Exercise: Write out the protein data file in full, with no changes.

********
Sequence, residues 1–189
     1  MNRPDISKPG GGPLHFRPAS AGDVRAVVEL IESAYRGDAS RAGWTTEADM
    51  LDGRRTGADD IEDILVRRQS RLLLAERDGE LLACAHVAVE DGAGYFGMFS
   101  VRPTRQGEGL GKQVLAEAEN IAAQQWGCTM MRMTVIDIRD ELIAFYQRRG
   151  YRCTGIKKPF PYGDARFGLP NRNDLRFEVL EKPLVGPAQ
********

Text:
Sequence, residues 1–189
     1  MNRPDISKPG GGPLHFRPAS AGDVRAVVEL IESAYRGDAS RAGWTTEADM
    51  LDGRRTGADD IEDILVRRQS RLLLAERDGE LLACAHVAVE DGAGYFGMFS
   101  VRPTRQGEGL GKQVLAEAEN IAAQQWGCTM MRMTVIDIRD ELIAFYQRRG
   151  YRCTGIKKPF PYGDARFGLP NRNDLRFEVL EKPLVGPAQ